Pittsburgh's Yeshiva Schools to buy former St. Rosalia school and convent

·2 min read

Jun. 10—A new school is set to move into the former St. Rosalia School and convent in Pittsburgh's Greenfield neighborhood — the Yeshiva School's boys' campus.

Yeshiva School leaders announced the purchase and move Thursday, noting that the renewed campus will be ready for the fall school year. The boys' school campus currently sits at the corner of Wightman and Hobart streets, housed in the same building as the Chabad Lubavitch Synagogue.


The Jewish day school, based in Squirrel Hill, focuses on "inspiring lifelong learning coupled with a deep commitment to the Jewish faith," said Rabbi Yossi Rosenblum, chief executive of the schools.

Pittsburgh's Yeshiva Schools enroll about 450 students across its early learning center, elementary and middle schools and boys' and girls' high schools, officials said. There are about 125 employees.

Rosenblum said the school attracts students from across the country, and the school welcomes out-of-town students, who can stay in dorms while attending either of the high schools. St. Rosalia's former convent will be turned into one of those dormitories, and it will house around 50 high school boys.

School officials announced in April they planned to open the school's first girls' dormitory. Before that, the school could only take out-of-town female students if there were host families willing to house them. The girls' dormitory will eliminate the need for host families, officials said at the time, and double the number of out-of-town girls they can accept.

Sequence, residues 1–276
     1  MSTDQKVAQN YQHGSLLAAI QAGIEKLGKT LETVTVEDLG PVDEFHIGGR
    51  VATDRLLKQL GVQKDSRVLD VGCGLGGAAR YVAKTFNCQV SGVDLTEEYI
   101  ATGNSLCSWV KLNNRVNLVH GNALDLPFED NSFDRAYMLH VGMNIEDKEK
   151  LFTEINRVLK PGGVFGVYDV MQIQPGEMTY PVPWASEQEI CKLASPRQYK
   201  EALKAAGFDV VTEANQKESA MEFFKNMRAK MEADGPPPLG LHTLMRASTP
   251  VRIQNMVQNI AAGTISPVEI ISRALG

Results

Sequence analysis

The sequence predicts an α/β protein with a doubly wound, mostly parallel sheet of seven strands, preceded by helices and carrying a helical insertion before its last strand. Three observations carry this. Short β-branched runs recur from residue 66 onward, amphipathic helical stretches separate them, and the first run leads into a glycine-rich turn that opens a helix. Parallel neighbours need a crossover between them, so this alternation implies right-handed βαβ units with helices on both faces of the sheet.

The 74,000-square-foot St. Rosalia buildings will be updated to current standards, Rosenblum said, and another 48,000 square feet of academic space will be added. Those additions will include 17 classrooms, science labs, study halls, common spaces, a commercial kitchen and more.

St. Rosalia School, on Greenfield Avenue in Pittsburgh's Greenfield neighborhood, closed in 2018 because of declining enrollment and steep financial burdens. At the time, there were 22 students in catechism classes and 99 enrolled in the pre-K-through-8th grade school.

Pittsburgh Councilman Corey O'Connor, who represents the Greenfield neighborhood, called the purchase and planned reuse of the buildings "good news for the community."

"The Yeshiva will offer education and programming for years to come," he said in a statement. "The school will be an asset to Greenfield, and they are committed to being a good neighbor to the surrounding community."

Megan Guza is a Tribune-Review staff writer. You can contact Megan at 412-380-8519, mguza@triblive.com or via Twitter .